Back in 2004, The Home Safety Council completed the
most comprehensive study ever done of the severity
and causes of home injury in the United States. Not
surprisingly, the rates of injury are highest among
young children and older adults.
While there are
literally millions of home hazards that exist, the
study was able to separate out the five leading
causes of unintentional home injury. These five
leading causes are:
- Choking and suffocation
These five areas are the best place for most
homeowners to start their quest to make their home
safer. Below, we have expanded on each topic.
According to the Home Safety Council, falls
- More than 40% of all nonfatal home injuries.
- More than one-third of all injuries
resulting in an emergency department visit.
- More than one third of all unintentional
home injury deaths.
The simplest of hazards ends up being one of the
worst. And as you would suspect, falls are worse for
young children and older adults. Very few deaths
from falls occur in adults under 60. For children,
the most severe falls are general associated with
three products: baby walkers, windows, and play
equipment including trampolines. Falls down stairs
have been implicated in 75% -96% of baby
Here are a few things that you can do to prevent
people in your home from falling:
- Put window guards on all windows. New
regulations and free window guard programs in
New York City have resulted in a 50% reduction
in falls and 35% reduction in deaths.
- Put soft, protective surfaces under play
- Pay special attention to staircases. Make
sure that they have handrails, are well lighted,
do not have any loose carpeting, and are always
clear of toys and other items.
- Use safety gates both at the top and bottom
of staircases if children are in the house.
- If you have a dark basement, install a light
on the staircase and paint your bottom step a
bright color to make it more visible.
- Always clear outdoor steps of ice and snow
as soon as possible.
- Look out for pets: According to the Center
for Disease Control, Pets cause more than 86,000
fall-related injuries each year.
- Make your shower safe: use non-slip rubber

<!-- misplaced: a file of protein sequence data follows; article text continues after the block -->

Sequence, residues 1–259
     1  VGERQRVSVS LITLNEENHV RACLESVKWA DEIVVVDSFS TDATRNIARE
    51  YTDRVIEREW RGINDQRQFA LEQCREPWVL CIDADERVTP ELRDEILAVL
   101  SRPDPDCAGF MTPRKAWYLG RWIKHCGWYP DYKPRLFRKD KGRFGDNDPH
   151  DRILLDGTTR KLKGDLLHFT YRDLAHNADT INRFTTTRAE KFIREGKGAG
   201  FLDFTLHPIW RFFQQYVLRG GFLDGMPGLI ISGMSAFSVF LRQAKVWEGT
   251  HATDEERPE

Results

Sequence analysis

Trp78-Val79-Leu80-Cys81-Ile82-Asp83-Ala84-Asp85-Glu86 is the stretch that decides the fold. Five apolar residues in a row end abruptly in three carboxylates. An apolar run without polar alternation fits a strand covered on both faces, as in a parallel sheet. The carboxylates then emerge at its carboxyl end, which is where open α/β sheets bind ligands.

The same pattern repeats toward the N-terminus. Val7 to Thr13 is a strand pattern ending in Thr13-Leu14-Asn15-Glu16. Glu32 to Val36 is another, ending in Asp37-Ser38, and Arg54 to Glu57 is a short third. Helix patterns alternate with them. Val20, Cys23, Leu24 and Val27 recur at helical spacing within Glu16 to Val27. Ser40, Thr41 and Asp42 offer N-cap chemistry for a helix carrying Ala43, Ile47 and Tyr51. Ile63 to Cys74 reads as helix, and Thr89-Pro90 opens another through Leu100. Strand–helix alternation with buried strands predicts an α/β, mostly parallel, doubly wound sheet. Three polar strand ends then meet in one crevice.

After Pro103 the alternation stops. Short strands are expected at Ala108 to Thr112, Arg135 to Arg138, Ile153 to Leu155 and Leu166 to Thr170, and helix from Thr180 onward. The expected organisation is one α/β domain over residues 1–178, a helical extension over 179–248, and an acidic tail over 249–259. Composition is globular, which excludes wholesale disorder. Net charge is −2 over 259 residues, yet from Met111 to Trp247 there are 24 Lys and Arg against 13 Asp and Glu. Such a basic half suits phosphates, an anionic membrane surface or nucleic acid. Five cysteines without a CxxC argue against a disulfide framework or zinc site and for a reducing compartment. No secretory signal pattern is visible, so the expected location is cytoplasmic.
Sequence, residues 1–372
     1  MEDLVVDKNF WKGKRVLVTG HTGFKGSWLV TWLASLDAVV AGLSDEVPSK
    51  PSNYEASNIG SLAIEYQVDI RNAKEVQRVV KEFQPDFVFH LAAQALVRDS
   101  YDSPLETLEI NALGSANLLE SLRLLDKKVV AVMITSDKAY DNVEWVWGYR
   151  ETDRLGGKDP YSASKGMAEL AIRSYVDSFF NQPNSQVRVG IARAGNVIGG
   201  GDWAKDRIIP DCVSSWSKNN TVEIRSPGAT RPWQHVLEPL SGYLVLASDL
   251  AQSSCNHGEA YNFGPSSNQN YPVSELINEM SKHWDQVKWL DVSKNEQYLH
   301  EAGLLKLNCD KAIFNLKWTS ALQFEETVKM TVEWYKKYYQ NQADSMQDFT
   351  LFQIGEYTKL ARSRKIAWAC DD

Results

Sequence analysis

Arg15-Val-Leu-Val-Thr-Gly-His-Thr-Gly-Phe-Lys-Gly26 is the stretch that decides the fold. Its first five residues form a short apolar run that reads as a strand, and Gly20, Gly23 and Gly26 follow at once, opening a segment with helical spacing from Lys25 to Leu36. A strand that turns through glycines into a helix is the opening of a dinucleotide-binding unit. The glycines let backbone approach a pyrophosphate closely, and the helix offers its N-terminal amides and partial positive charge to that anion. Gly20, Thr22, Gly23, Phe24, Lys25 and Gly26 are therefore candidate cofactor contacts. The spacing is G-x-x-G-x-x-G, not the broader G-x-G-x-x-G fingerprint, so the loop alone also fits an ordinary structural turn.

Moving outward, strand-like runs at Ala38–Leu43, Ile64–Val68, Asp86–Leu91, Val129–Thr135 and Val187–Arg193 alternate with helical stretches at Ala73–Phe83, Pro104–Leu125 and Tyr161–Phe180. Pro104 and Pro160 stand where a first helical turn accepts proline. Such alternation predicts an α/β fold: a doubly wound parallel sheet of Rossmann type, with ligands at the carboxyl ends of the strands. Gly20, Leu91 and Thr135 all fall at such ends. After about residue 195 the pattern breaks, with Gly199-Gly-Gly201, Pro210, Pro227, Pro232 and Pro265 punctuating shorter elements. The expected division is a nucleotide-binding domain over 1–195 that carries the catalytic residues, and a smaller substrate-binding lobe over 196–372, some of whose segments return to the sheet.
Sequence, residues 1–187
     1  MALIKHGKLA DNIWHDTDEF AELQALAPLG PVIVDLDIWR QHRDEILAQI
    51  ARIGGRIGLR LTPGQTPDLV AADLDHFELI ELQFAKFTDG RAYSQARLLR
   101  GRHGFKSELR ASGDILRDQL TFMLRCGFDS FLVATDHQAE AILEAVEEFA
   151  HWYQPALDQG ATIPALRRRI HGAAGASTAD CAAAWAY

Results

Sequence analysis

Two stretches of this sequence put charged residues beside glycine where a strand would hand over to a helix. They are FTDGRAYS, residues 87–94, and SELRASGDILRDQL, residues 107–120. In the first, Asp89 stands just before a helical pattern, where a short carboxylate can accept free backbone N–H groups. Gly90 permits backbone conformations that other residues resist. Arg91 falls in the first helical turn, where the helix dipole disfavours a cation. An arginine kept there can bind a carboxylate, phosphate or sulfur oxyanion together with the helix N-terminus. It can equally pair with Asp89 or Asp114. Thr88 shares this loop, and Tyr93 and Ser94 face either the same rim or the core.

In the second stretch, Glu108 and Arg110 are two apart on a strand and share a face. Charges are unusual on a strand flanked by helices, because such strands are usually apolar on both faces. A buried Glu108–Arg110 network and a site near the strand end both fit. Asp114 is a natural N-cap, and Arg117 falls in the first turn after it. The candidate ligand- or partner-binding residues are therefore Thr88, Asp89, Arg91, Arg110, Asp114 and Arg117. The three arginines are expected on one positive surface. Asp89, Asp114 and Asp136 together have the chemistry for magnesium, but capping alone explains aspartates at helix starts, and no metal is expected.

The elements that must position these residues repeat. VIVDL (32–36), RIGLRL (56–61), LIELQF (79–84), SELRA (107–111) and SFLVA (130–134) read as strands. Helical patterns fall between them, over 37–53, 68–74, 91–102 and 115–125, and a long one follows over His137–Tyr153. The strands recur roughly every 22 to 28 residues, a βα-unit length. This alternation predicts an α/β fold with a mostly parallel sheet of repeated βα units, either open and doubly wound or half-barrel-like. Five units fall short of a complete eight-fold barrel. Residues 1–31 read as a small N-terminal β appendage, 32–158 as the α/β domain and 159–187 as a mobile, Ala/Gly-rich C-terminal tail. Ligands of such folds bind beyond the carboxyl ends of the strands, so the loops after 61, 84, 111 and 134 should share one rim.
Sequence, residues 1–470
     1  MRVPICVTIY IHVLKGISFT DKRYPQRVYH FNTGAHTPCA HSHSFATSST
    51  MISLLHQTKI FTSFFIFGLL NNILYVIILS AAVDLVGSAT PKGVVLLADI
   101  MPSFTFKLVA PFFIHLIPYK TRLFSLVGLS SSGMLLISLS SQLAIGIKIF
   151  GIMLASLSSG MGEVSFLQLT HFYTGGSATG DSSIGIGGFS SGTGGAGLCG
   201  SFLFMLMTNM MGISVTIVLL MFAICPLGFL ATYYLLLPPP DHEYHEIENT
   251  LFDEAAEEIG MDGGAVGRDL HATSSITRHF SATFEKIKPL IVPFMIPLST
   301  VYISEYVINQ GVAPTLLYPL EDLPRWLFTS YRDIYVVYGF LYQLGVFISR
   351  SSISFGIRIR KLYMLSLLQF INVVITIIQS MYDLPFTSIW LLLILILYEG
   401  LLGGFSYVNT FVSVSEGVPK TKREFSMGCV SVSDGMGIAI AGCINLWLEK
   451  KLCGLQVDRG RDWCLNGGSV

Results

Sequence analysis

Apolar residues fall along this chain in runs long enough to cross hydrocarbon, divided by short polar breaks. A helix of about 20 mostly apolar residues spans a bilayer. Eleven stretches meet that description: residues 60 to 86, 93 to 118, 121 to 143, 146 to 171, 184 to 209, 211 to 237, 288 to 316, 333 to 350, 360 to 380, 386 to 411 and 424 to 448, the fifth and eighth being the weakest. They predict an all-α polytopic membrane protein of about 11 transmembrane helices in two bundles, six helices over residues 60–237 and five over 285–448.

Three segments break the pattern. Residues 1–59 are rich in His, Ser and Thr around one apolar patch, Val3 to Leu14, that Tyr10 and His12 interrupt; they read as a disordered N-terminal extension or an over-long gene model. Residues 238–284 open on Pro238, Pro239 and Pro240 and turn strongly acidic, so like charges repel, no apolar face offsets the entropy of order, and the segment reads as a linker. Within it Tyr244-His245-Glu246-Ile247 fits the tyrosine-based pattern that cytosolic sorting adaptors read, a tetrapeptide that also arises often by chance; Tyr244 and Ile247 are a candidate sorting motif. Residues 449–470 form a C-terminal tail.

mats and install extra rails or grab bars if
necessary. Also, make sure that the existing
rails and other supports are in good condition
and can support your weight.
- Make sure that you always use (and have!)
sturdy step stools when getting things in the
kitchen or out of closets.
- Do not allow children under six years old to
climb on bunk beds.
- If you have small children, install locks on
all cabinets and drawers so that they won’t be
able to climb them.
- Require children who are riding skateboards
or bikes on your property to always wear
According to the Home Safety Council, poisoning
is the second leading cause of unintentional home
injury deaths in the United States.
While we mostly think of poisoning as something
that happens to children when they get into cleaning
supplies and other household products, it’s
something that actually affects people of all ages.
You would probably be surprised to hear that most
unintentional deaths by poisoning in the home are
due to the following:
- Appetite depressants
- Anesthetics like cocaine
- Also, amphetamines, caffeine,
antidepressants, alcohol, and motor vehicle
Most of these methods of unintentional poisoning
are for the most part self-inflicted and can only
resolved by dealing with a person’s underlying
chemical dependency issues. That said, effective
prevention efforts generally focus on keeping poison
out of the hands of children. While adults have the
highest rates of fatal poisonings, children under 5
have the largest rates of non-fatal poisoning.
Here are some of the things that children are
most often poisoned by:
- Household and cleaning products
- Personal care and beauty products
- Carbon monoxide
Here are a few things that you can do to
prevent accidental poisonings in your home:
- Place your chemicals high up on shelves. If
possible, store them out in a garden shed
outside of the house.
- If you have to put chemicals in low
cabinets, use baby proof locks and be sure that
you can properly close the doors.
- Never put household cleaners in old drink
bottles or food containers that might confuse a
- Get children and pets out of a room before
you use pesticides or other chemicals.
- Always close the packaging on a medication
or chemical if you are interrupted by the phone
or the doorbell. Many poisonings happen when an
adult leaves the room for a minute.
- Don’t trust that childproof packaging on
medications will keep children safe. The best
defense is to keep the medications out of
children’s hands in the first place.
- Don’t (obviously) store medications on easy
to reach tables or counter tops.
- Be aware of where all of the medications in
your home are, especially if you have visitors
who might leave them in an open purse or bag.
- Get rid of any old “watch” type batteries as
children can easily swallow them. Consider
getting rid of any toys or gadgets that use
What should you do if someone does get
Call your doctor and poison control